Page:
How the ACA Calculates Your Tax Credits
You can only receive tax credits on insurance purchased through the health insurance marketplace. When you purchase your health insurance, you may be eligible for a government subsidy on your premium in the form of a tax credit, based on your income level. (Note that if insurance is available through your employer but you choose to purchase your own insurance, you are not entitled to tax credits unless your job-based insurance is considered unaffordable by the ACA.)
You get this tax credit if your income falls between 100 percent and 400 percent of the federal poverty level. The closer you are to the poverty level, the more tax credit you receive. You can estimate what kind of credit you may be eligible for with the Kaiser Foundation's Health Reform Subsidy Calculator. The calculator asks you questions about your state, income, and family, and lets you know what subsidy amount is available to you.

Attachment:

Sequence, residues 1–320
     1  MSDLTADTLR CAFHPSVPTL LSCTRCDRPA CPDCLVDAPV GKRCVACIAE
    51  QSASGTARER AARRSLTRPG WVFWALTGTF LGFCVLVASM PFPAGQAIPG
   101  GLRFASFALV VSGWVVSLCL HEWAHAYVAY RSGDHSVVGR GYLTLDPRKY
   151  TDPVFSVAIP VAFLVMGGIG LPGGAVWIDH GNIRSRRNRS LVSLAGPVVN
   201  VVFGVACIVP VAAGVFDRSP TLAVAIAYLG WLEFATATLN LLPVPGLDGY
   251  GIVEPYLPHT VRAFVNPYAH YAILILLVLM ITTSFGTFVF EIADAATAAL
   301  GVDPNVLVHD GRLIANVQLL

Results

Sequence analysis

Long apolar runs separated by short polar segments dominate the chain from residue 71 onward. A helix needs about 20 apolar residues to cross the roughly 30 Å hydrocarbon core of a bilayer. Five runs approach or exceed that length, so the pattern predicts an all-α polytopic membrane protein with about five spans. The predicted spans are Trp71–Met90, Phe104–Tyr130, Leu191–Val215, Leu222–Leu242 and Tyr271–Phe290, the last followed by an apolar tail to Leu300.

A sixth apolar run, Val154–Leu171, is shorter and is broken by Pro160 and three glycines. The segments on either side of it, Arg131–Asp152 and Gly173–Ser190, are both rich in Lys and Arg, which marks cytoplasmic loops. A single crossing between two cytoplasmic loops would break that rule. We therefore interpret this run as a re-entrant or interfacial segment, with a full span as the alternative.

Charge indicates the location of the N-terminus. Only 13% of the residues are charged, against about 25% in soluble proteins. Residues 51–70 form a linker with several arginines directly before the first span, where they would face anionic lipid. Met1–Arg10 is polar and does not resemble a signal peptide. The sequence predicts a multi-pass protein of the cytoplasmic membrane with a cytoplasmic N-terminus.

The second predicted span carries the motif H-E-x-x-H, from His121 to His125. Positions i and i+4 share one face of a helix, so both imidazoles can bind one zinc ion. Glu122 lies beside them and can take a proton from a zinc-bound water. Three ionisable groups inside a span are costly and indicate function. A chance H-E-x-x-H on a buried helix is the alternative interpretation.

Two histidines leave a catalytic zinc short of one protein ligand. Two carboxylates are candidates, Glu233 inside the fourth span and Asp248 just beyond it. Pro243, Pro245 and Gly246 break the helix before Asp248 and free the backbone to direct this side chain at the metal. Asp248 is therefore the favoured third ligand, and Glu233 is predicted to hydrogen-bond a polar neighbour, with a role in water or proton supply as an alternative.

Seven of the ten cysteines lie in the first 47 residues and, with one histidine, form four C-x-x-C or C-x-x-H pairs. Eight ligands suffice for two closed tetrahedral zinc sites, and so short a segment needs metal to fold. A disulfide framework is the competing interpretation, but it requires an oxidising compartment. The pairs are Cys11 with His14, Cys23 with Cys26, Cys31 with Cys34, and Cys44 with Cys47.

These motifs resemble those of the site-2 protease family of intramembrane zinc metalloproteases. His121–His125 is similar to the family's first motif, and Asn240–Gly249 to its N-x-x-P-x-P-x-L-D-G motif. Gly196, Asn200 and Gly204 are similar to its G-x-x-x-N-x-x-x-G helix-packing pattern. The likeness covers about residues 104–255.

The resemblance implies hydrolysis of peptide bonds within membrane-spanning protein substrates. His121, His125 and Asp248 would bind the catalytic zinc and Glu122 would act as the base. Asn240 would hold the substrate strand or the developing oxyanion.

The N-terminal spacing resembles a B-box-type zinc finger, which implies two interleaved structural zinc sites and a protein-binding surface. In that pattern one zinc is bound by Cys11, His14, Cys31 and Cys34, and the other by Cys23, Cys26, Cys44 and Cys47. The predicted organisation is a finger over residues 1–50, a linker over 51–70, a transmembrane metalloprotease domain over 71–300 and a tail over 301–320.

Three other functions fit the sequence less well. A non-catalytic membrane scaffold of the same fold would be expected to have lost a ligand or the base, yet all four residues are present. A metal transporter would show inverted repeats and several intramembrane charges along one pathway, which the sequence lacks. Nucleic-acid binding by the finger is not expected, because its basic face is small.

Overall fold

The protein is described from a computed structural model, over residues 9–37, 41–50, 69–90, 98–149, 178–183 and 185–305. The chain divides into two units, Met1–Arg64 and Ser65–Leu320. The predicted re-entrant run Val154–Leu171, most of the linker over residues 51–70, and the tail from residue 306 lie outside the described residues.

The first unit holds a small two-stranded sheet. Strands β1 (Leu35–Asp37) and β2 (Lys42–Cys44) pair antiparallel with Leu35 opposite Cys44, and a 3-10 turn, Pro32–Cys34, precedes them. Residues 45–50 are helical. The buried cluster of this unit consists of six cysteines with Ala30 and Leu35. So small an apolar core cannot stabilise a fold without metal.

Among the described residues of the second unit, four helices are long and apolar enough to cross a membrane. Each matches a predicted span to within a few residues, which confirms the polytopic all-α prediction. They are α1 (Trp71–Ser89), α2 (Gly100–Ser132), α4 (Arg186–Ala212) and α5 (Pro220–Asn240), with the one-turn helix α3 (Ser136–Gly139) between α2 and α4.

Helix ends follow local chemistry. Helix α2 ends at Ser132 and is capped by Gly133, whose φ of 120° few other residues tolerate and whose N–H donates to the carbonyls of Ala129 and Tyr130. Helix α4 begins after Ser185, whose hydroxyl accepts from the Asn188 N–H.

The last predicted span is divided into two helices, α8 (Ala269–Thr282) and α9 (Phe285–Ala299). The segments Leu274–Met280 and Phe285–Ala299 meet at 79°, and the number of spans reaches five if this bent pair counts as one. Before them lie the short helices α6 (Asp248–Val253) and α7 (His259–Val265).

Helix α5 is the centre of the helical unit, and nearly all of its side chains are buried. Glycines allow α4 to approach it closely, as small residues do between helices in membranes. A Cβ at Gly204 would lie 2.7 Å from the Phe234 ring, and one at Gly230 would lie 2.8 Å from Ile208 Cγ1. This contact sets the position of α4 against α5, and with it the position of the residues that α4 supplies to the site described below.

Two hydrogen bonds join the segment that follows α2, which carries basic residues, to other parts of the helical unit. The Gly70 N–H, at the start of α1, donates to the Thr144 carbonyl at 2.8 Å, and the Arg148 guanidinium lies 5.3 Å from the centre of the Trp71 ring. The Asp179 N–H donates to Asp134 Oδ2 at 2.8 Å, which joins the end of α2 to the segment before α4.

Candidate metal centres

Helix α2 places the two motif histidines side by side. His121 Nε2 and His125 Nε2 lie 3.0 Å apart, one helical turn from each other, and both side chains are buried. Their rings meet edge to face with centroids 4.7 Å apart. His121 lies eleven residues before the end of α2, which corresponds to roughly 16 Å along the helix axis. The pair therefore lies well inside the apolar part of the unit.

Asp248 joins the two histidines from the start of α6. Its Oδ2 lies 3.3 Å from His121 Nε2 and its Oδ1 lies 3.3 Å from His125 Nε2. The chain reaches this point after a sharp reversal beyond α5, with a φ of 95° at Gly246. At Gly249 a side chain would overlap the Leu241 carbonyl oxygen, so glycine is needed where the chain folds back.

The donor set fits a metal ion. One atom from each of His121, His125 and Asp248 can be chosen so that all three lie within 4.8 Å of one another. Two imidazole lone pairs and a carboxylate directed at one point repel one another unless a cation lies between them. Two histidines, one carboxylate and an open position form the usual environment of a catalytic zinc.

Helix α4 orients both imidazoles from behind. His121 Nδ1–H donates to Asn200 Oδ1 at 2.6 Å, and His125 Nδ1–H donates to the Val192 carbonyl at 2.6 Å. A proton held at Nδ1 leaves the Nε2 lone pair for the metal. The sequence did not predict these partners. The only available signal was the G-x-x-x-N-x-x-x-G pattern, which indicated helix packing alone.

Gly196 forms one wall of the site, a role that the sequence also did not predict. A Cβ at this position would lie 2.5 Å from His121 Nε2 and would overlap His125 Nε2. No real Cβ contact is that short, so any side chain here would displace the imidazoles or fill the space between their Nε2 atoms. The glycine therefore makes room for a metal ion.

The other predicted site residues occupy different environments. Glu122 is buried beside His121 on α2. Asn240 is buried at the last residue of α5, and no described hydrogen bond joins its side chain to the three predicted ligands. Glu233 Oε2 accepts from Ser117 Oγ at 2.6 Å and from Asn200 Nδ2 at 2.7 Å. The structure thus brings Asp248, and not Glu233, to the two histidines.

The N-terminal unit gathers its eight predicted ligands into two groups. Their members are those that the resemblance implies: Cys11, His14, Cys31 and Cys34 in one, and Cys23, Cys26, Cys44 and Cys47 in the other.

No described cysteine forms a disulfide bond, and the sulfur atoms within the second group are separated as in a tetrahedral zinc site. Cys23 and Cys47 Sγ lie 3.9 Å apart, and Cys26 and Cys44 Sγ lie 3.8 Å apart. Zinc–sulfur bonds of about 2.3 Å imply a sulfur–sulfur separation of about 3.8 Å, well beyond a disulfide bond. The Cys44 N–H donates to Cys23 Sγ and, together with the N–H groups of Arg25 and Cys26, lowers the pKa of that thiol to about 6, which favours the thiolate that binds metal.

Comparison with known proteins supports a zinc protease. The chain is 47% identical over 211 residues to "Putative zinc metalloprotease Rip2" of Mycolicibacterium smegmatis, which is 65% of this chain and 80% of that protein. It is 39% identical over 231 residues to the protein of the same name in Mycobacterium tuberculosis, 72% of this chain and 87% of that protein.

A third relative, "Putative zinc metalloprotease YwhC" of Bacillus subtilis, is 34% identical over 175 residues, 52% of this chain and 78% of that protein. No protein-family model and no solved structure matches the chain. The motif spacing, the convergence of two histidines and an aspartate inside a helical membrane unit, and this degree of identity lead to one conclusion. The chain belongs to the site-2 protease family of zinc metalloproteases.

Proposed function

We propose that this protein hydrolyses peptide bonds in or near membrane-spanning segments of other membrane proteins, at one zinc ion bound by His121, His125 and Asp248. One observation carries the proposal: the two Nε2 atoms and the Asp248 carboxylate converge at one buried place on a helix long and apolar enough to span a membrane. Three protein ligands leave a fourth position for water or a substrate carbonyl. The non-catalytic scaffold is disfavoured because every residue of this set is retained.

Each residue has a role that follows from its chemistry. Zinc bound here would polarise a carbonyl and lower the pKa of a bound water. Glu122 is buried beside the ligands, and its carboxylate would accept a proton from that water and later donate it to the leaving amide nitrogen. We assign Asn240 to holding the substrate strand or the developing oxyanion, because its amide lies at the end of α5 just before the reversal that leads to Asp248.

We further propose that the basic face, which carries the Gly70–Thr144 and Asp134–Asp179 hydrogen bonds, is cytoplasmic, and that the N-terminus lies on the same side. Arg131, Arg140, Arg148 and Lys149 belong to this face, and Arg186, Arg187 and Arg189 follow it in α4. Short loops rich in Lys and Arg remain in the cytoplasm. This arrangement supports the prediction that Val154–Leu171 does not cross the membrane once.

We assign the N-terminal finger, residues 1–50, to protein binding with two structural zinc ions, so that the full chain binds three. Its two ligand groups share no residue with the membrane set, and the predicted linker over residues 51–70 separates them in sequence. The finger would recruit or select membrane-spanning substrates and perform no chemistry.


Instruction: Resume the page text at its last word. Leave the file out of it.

The credit is paid directly to your insurance company, so you don't have to wait until you file taxes to receive the credit. This also means that you don't have to pay the full premium for your health insurance and then wait for reimbursement.
If you have a life change event, however, it may affect your tax credit. You should report these changes to the marketplace to ensure you don't end up paying extra taxes at the end of the year. Additionally, if you have a life change, you can typically bypass the open enrollment period and qualify for special enrollment to adjust your insurance more quickly. So, what exactly qualifies as a life change?